The Living Tibetan Spirits Make a Dream Trip to Mount Everest.

Lhasa – the start of the road trip in 2000. [Photo by Bruce Connolly/chinadaily.com.cn]

In 2000, Lhasa was a different city in many ways, compared to what it is today. High on the Qinghai-Tibet Plateau, it was much more isolated back then. Its airport, a roughly 90-minute drive from downtown, was at that time the only one operating across all of Tibet. In earlier years, flying into Lhasa had been restricted to early morning flights from Chengdu in Sichuan. By 2000, however, it was well-served by modern, powerful jet aircraft capable of landings and takeoffs at high altitudes, able to cope with occasionally difficult afternoon weather conditions. In recent years several new airports have also opened across Tibet.

Despite the advances in aviation technology, flying into Tibet was expensive. Before the completion of the Tibet railway in 2006, roads were the only feasible option for most freight and passenger traffic. It amazed me during my time in Lhasa how so much that made my stay both pleasant and comfortable must surely have come up to the city by road. Two main highways served Lhasa at the time. From Golmud to Xining, Highway G109 was a long, lonely journey through an empty upland plateau. The other route, Highway G318, runs 5,476 kilometers from Shanghai’s People’s Square, via Sichuan and southeastern Tibet ultimately to Zhangmu, the border crossing with Nepal. I would leave Lhasa along G318 on a road trip initially to the base of Qomolangma, known in the West as Mount Everest.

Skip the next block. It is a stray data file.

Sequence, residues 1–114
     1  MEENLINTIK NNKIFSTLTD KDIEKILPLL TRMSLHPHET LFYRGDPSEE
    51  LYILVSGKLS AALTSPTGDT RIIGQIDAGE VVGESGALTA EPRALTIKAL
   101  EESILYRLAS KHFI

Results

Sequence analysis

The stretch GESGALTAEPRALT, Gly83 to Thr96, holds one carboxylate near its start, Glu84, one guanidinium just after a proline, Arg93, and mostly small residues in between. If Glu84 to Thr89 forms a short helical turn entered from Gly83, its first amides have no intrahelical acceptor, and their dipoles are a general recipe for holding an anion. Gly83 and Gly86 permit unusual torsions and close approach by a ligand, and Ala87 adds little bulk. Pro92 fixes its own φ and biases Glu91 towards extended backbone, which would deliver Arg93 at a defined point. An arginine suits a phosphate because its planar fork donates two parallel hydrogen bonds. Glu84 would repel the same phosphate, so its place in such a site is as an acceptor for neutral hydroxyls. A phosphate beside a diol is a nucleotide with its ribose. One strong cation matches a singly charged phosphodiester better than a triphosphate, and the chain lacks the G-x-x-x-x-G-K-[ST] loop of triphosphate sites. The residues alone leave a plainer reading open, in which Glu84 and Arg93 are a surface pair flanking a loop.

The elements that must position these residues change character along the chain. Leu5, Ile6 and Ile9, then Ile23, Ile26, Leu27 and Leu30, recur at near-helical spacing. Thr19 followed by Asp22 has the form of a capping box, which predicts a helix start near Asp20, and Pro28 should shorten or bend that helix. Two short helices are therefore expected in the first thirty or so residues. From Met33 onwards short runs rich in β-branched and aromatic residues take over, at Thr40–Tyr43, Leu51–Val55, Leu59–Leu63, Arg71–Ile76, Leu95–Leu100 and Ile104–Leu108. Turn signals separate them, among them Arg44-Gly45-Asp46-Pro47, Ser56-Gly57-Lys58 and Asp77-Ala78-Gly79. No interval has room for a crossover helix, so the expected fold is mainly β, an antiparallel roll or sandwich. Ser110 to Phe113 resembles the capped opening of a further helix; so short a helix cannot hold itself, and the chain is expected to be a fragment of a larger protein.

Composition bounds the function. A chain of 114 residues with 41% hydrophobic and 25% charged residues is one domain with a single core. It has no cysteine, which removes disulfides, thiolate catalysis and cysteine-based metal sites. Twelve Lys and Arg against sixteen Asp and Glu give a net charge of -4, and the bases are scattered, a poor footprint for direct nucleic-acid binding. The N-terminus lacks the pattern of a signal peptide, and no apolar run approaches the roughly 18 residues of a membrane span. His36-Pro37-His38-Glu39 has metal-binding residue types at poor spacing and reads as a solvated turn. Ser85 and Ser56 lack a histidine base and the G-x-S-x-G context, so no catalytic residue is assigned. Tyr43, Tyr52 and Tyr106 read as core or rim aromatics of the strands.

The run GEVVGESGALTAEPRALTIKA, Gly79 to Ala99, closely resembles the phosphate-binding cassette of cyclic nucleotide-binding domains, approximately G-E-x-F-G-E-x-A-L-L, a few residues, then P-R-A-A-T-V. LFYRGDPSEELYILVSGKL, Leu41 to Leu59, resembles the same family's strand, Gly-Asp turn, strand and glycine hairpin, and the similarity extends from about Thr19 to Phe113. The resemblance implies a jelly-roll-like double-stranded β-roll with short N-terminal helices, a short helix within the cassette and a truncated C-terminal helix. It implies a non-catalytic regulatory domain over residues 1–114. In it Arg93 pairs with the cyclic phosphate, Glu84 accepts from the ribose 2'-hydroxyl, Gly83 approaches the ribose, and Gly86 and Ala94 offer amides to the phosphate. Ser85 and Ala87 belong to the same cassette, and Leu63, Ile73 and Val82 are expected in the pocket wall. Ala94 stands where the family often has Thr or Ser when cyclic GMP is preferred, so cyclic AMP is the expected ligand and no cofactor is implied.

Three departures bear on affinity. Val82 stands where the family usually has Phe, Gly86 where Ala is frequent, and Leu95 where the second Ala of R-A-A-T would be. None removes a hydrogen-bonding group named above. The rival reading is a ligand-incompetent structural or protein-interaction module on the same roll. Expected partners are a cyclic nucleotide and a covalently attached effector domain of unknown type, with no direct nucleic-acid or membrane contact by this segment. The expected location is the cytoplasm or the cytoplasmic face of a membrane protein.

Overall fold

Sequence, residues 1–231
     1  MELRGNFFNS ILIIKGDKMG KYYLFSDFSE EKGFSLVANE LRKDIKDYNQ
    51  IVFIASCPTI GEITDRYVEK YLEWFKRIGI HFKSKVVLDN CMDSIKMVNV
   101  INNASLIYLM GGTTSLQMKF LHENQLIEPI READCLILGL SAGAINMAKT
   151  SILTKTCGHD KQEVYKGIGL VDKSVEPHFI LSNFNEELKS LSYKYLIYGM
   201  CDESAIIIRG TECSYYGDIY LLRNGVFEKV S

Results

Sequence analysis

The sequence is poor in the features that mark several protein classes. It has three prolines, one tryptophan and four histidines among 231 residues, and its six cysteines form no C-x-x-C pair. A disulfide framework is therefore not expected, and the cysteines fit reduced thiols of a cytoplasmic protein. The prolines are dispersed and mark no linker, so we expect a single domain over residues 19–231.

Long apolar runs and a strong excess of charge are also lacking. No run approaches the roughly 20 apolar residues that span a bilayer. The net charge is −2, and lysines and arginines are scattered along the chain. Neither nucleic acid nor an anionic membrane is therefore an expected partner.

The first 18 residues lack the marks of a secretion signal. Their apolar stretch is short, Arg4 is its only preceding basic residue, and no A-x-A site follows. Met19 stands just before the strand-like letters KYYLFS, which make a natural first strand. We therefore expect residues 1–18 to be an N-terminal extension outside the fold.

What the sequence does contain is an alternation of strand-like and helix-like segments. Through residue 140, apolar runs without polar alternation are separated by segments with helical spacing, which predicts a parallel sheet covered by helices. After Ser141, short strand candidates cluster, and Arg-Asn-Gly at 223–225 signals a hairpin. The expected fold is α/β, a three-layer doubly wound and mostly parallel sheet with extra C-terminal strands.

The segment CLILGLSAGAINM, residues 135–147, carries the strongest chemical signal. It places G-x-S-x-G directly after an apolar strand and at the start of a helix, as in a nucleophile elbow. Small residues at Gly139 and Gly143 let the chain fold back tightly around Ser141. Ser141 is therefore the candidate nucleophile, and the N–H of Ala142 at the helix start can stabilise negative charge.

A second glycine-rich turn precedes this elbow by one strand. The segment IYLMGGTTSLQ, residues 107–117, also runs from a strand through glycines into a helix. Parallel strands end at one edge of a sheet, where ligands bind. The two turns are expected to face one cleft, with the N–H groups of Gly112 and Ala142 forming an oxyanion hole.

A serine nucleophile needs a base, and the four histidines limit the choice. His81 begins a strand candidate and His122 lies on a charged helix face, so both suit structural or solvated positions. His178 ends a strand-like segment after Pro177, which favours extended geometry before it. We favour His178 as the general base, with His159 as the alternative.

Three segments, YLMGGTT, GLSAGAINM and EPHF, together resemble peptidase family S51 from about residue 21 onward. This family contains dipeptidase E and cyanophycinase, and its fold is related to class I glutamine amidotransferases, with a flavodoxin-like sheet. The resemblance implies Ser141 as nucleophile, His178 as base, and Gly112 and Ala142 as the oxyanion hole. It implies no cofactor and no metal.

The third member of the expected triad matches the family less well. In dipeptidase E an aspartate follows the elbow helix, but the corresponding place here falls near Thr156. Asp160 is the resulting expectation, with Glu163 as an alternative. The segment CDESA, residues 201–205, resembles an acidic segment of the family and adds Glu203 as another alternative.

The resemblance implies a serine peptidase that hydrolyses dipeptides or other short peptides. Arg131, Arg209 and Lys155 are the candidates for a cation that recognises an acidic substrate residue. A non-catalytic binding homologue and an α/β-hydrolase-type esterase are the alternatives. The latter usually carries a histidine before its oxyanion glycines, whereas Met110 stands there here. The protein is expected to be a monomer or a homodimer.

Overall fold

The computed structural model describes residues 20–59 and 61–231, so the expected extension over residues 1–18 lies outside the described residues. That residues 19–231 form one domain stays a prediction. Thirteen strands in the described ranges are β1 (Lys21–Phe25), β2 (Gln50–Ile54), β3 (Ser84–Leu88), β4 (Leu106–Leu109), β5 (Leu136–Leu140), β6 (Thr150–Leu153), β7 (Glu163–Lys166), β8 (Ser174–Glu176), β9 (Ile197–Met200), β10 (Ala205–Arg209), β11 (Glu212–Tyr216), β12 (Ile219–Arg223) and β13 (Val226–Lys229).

I noticed several oxygen bags loaded into what was a comfortable but strong SUV. Lhasa was modern and well-planned, but outside the city, infrastructure such as road quality was quite variable. The physical terrain often proved very challenging for highway construction, even between Lhasa and Xigaze, Tibet’s second city. Geologically, much of the area is still active. Landslides remained a danger during the rainy season.

The Living Tibetan Spirits Make a Dream Trip to Mount Everest.